The kitchen’s custom stainless steel cabinetry has been laser-printed with an abstract pattern, the sink fittings are by Dornbracht and Franke, the bronze pendant is custom, and the flooring is terrazzo.
I designed the cabinet in straw marquetry to hide the television set. It’s the blue of the deepest ocean, and it rests on lacquered wooden balls shaped like beach balls (the shape also references both Art Deco and Memphis design). On top of the cabinet, a row of onyx cones reminds me of shark’s teeth. The cocktail table has the form of a surfboard, and I designed the rug’s pattern to resemble sand and water.
The ceiling in the master bedroom is just eight feet high. To make it look loftier, I commissioned an artist in Paris to paint a canvas of a storm or massive wave. We put the painting on a boat to Miami and glued it in place in the bedroom. The swirling pattern almost appears like a dome. In the master bath, which has a bird’s-eye view of the Intracoastal Waterway, I wanted the marble to look like a landscape.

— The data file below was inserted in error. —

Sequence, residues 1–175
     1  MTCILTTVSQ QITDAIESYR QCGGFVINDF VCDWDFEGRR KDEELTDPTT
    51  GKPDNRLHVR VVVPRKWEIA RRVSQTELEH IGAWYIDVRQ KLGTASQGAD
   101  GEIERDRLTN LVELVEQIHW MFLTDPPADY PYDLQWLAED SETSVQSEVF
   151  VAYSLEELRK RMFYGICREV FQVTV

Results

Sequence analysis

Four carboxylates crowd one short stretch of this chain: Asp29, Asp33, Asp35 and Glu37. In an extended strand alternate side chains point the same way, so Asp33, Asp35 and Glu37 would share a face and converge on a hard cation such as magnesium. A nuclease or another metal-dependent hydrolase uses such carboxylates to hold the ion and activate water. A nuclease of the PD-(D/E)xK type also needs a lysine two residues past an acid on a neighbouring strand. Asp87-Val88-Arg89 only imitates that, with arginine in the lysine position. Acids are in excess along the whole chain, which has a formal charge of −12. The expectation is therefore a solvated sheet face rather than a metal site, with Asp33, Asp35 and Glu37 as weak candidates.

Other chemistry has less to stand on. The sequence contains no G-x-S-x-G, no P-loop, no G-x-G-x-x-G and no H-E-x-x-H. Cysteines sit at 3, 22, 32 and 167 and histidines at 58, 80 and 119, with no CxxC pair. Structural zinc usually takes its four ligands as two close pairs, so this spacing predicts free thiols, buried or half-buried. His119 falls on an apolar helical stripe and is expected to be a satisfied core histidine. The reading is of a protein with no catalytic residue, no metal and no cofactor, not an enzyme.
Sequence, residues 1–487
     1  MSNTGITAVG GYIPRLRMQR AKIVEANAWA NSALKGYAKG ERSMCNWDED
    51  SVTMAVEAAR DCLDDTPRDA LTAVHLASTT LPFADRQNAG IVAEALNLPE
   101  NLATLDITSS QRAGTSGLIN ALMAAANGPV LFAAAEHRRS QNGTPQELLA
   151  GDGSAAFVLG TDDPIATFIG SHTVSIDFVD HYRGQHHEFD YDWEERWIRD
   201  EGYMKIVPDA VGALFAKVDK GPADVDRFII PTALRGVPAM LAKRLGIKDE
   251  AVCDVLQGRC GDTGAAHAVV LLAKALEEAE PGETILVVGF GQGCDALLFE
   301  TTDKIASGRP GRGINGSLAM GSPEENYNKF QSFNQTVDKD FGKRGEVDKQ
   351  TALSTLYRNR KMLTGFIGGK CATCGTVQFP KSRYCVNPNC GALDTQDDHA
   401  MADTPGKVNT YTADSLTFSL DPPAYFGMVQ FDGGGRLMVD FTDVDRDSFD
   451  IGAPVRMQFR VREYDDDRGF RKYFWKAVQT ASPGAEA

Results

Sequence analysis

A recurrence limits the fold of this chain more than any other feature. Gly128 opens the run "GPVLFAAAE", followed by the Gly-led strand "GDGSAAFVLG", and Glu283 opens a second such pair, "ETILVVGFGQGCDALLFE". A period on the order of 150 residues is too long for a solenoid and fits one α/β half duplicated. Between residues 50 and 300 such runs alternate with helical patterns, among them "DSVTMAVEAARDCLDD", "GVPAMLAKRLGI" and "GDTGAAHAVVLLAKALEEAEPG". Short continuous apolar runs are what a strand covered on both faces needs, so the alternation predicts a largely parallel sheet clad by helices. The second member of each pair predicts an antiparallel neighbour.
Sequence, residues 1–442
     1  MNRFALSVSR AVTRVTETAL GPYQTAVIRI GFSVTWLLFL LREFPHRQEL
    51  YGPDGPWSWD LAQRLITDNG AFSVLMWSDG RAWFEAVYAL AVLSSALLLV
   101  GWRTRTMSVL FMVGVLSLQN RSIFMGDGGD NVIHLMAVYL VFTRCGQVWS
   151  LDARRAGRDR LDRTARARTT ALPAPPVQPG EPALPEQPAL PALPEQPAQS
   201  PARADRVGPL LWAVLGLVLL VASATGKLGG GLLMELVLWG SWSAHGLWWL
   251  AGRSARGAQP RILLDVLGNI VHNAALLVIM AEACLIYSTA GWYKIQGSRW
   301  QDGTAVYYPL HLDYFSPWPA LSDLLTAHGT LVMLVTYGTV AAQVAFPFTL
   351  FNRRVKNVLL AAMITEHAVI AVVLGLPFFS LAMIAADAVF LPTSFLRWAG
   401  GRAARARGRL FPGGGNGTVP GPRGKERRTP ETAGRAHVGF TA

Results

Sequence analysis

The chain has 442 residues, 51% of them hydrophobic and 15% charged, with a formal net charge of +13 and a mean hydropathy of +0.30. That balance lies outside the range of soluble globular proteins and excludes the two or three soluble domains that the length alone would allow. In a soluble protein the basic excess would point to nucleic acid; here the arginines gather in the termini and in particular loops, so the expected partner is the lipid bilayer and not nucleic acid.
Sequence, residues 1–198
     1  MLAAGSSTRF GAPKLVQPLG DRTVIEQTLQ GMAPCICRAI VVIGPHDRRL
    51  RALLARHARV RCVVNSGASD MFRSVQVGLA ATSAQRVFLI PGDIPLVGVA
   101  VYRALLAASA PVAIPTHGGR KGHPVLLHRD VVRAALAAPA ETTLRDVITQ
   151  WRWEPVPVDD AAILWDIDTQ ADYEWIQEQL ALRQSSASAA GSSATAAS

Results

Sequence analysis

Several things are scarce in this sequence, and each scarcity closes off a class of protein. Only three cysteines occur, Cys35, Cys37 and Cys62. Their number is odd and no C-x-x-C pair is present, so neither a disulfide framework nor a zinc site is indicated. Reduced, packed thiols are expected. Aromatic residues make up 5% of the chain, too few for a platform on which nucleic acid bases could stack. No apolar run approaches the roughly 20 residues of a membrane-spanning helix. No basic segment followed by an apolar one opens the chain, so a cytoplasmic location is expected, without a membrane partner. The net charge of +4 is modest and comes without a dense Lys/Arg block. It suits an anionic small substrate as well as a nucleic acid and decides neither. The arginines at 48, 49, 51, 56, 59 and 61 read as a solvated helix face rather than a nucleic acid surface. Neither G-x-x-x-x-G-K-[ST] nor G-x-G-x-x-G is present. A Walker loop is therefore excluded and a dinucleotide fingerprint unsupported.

I found a stone in Miami with beautiful veining — it looks very Art Deco—and covered every surface in it, along with the vanity, and even designed a matching marble waste bin.
The living room’s midcentury chair and stool are in a Kirkby Design fabric, the custom television cabinet has doors in straw marquetry, and the marble side table and vintage cones are from a Paris flea market. The artwork above the cabinet is by Jérôme Robbe, and the French 1930s table lamp is from Teo Leo.
In this penthouse, 26 stories above the ground, you feel as if you are floating above the beach, the neighboring buildings, and even the clouds. You can see birds flying by. It’s a very poetic, serene, and some might say surrealistic way to live.
This story was originally published in the April 2018 issue of ELLE DECOR.